The crown jewels of a typical technology company are often found in its intellectual property portfolio. Having a good basic understanding of intellectual property protection is essential for entrepreneurs to extract value out of their company's key assets and manage opportunities and risk arising from them. Among these key assets is the trade secret.
What is a trade secret?
Trade secrets are information of any type that is valuable to its owner because it is not generally known in the industry and its owner has taken reasonable steps to maintain the information in confidence. Examples of trade secrets include customer lists, source code, and semiconductor manufacturing processes. Trade secrets can include both positive and negative information. For example, the knowledge of which compounds are not effective therapeutic drugs against cancer can be very valuable and save a company tens or even hundreds of millions of dollars. Trade secrets arise automatically if a company takes the appropriate steps to maintain the information as a secret and they continue to be enforceable so long as they meet those criteria. Consequently, a trade secret can endure forever. Trade secret law provides rather limited protection: it prevents the "misappropriation" of the trade secret. Misappropriation of a trade secret requires "wrongful" taking. For example, a classic example of trade secret misappropriation occurs when an individual takes confidential information from his employer to start a new company. On the other hand, reverse engineering, unless such reverse engineering breaches an agreement, is not misappropriation.
Trade secrets have long been governed by state law with most of the states adopting their own versions of the Uniform Trade Secrets Act (Massachusetts and New York being the only exceptions). On May 11, 2016, the Federal governments enacted the Defend Trade Secret Acts. This new law requires that employee inventions agreements and contractor agreements with individuals (not contractors or consultants that are entities) that are executed or updated (ie, amendments or modifications to existing agreements) beginning on May 12, 2016 include notice of certain immunities provided under the law. The law gives an employee and individual independent contractor immunity from civil and criminal liability under state and federal law for disclosing a trade secret if the disclosure was made to report or investigate an alleged violation of law and the new law requires that companies include notice of such immunity in any agreement with an employee or independent contractor that governs the use of trade secret or confidential information. Failure to provide this notice would result in the company not being able to recover exemplary damages or attorneys' fees from the employee if the company were to sue the employee for misappropriation of trade secrets.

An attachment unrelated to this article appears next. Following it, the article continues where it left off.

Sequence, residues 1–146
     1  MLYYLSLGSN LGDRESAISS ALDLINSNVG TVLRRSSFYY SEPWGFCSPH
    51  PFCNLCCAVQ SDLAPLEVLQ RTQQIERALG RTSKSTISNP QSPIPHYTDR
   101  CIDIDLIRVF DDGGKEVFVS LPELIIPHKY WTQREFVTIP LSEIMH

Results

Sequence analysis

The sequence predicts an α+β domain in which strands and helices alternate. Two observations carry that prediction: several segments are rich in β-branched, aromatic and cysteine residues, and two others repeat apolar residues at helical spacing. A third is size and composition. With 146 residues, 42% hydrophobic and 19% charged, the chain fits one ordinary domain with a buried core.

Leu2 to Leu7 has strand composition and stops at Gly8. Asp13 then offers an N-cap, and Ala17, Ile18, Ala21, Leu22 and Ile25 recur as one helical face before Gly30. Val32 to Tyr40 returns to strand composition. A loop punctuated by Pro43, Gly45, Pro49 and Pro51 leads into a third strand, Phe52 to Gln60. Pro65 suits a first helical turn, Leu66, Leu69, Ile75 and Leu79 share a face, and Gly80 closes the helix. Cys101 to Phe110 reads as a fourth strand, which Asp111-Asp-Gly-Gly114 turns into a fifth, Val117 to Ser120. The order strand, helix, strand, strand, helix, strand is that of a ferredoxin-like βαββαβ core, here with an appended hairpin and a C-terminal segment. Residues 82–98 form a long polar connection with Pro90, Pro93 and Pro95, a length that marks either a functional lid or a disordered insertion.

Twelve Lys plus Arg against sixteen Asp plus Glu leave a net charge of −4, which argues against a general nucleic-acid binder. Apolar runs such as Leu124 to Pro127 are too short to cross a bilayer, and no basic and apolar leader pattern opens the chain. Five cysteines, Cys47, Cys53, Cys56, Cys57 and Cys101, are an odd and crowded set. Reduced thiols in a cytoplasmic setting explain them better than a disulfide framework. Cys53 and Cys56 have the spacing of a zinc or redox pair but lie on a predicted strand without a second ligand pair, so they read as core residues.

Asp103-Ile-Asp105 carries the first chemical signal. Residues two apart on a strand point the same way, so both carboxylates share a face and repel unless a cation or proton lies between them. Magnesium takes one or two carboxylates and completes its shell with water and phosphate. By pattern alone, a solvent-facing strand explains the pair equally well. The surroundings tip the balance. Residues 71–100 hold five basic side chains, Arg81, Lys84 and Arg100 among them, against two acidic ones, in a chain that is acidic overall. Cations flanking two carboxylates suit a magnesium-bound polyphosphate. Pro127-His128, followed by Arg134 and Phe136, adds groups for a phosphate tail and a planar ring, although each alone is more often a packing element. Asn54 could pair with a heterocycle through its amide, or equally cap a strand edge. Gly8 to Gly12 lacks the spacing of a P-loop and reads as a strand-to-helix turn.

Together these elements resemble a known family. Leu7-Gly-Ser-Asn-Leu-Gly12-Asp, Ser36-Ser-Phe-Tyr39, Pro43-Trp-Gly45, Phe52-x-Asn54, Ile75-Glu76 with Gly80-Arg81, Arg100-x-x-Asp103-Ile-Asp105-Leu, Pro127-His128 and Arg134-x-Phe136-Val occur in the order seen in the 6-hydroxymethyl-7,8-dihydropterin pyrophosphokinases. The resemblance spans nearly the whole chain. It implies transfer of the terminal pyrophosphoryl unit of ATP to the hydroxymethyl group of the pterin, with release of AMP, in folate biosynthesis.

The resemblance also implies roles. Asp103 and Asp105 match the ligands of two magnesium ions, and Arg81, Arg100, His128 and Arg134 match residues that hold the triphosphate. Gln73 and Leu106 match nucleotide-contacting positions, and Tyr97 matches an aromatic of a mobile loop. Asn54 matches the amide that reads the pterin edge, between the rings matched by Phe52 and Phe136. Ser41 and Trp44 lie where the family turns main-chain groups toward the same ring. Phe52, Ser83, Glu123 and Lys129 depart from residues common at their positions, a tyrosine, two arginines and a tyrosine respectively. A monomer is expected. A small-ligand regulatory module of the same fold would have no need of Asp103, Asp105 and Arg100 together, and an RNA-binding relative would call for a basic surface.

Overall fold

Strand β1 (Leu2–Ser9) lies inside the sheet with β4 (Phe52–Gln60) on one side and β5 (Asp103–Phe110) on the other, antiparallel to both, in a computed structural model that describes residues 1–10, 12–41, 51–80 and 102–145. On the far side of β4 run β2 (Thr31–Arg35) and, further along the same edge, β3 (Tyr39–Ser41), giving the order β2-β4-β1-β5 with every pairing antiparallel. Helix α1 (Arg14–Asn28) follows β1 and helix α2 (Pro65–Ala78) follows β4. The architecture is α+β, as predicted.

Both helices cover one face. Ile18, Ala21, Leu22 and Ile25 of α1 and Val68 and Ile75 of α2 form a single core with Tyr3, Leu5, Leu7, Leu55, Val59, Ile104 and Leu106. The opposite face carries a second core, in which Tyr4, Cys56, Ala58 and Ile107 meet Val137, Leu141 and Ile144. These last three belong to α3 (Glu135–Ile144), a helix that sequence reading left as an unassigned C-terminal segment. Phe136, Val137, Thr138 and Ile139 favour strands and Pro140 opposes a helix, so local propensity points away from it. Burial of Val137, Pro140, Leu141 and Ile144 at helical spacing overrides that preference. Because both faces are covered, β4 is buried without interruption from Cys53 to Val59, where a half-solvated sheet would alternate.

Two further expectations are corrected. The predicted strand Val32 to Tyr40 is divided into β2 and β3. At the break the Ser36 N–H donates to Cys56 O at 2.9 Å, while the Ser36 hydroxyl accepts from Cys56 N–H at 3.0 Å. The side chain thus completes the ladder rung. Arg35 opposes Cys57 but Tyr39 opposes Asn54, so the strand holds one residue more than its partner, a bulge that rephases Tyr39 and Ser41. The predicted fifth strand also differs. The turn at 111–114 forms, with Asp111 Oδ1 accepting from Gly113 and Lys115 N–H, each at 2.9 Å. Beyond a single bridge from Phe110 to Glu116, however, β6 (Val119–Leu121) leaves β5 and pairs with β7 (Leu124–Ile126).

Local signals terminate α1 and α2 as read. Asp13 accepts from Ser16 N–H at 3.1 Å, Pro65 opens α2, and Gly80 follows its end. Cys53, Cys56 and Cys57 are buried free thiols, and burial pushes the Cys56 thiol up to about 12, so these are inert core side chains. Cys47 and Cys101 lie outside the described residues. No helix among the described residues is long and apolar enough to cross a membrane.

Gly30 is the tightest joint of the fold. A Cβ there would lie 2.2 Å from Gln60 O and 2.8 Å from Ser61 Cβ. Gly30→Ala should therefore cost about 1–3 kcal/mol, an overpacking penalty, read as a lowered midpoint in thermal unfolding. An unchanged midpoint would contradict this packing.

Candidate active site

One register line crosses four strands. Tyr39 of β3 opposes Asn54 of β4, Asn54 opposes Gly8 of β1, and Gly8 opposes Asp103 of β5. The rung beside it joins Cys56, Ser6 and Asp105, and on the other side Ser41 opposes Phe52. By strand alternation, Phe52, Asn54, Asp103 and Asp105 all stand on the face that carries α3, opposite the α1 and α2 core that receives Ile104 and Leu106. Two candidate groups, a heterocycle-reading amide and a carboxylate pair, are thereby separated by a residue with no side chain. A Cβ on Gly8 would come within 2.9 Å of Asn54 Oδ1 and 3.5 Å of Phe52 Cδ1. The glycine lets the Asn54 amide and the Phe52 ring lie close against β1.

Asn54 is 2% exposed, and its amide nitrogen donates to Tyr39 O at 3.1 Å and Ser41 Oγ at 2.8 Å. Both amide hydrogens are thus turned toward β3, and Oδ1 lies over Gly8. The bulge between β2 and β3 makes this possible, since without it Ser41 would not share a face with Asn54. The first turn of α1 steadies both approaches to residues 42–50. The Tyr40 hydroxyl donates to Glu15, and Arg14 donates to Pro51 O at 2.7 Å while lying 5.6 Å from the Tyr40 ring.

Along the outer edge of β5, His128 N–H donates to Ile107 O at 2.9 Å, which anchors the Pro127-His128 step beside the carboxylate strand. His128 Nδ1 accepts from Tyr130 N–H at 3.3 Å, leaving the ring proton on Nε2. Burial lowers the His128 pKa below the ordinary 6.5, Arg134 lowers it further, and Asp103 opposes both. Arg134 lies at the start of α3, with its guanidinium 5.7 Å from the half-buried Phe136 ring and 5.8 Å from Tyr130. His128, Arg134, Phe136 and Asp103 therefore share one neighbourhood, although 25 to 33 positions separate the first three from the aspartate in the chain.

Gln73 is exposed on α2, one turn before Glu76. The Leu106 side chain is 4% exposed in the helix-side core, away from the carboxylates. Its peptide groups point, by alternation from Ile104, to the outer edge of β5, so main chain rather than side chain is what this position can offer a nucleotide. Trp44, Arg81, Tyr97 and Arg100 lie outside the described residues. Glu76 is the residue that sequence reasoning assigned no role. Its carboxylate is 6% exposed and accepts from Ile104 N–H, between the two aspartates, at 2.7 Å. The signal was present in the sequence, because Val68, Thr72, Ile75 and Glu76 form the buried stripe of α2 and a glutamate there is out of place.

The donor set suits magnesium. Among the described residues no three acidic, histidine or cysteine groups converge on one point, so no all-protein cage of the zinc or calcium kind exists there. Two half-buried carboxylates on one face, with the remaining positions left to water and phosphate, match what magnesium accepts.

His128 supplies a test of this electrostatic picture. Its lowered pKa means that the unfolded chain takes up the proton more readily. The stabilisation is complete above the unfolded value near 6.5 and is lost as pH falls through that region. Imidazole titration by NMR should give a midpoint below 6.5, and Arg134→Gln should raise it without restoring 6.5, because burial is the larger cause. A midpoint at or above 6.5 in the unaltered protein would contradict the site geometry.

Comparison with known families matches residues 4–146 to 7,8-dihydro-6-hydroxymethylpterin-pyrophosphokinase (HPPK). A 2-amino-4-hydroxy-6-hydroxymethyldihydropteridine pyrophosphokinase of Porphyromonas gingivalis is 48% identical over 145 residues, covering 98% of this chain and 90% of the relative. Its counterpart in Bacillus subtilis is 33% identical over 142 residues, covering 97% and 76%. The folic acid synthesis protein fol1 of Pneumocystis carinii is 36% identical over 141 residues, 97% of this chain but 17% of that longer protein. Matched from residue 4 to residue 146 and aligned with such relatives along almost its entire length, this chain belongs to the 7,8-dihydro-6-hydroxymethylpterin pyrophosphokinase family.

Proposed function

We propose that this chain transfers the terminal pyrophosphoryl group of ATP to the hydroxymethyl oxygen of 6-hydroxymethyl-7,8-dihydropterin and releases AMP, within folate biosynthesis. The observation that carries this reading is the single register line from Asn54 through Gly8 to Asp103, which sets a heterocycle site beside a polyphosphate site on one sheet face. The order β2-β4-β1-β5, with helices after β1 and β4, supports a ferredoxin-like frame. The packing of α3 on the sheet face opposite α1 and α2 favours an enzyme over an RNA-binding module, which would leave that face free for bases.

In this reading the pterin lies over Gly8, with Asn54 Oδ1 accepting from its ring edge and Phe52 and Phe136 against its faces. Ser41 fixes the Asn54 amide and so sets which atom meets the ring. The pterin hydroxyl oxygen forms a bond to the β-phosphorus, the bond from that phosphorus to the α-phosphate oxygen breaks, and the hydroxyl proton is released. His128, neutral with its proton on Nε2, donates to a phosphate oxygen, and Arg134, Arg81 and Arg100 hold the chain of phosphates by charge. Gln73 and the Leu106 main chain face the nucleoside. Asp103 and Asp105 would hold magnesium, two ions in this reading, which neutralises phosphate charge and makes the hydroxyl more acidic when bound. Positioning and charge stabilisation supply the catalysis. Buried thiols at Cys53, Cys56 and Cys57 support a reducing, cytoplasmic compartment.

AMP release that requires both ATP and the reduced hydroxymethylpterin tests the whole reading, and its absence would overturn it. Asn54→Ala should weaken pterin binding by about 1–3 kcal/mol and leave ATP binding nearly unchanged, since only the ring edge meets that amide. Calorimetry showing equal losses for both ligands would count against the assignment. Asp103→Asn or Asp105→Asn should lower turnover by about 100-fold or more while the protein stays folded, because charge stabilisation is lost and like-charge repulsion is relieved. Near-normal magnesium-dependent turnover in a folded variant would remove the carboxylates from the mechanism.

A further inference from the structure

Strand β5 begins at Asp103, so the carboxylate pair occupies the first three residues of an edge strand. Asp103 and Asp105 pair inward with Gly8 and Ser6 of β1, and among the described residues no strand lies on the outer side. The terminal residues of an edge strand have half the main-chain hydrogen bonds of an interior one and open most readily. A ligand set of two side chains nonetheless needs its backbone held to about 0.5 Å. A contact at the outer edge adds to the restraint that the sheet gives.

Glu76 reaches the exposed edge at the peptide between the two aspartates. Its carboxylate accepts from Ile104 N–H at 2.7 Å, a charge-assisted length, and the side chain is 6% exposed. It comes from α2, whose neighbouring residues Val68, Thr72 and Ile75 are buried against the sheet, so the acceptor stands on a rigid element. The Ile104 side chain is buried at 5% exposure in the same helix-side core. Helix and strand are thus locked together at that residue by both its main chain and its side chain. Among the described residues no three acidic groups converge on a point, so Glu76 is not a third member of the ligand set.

When do you protect information as a trade secret?
Most products and services can be protected by a combination of intellectual property rights. For example, computer software can be protected by patents, copyrights, trademarks and trade secrets. Microsoft protects certain functions of its Windows software with patents; it uses copyright to protect the actual code of the Windows software from copying; it uses trademark law to protect the "Microsoft" and "Windows" trademarks which identify the product; and it uses trade secret law to protect the structure and methodology of its source code. However, once a patent is issued, trade secrets in the part of the computer software protected by the patent will be disclosed and will no longer be protected by trade secret law.
Because patent applications are published and made available to the public during the application process, inventions covered by patents are not protectable as trade secrets. Some companies may want to keep an invention as a trade secret for competitive market reasons and so may opt not to pursue patent protection and instead rely on trade secrets to protect their intellectual property assets.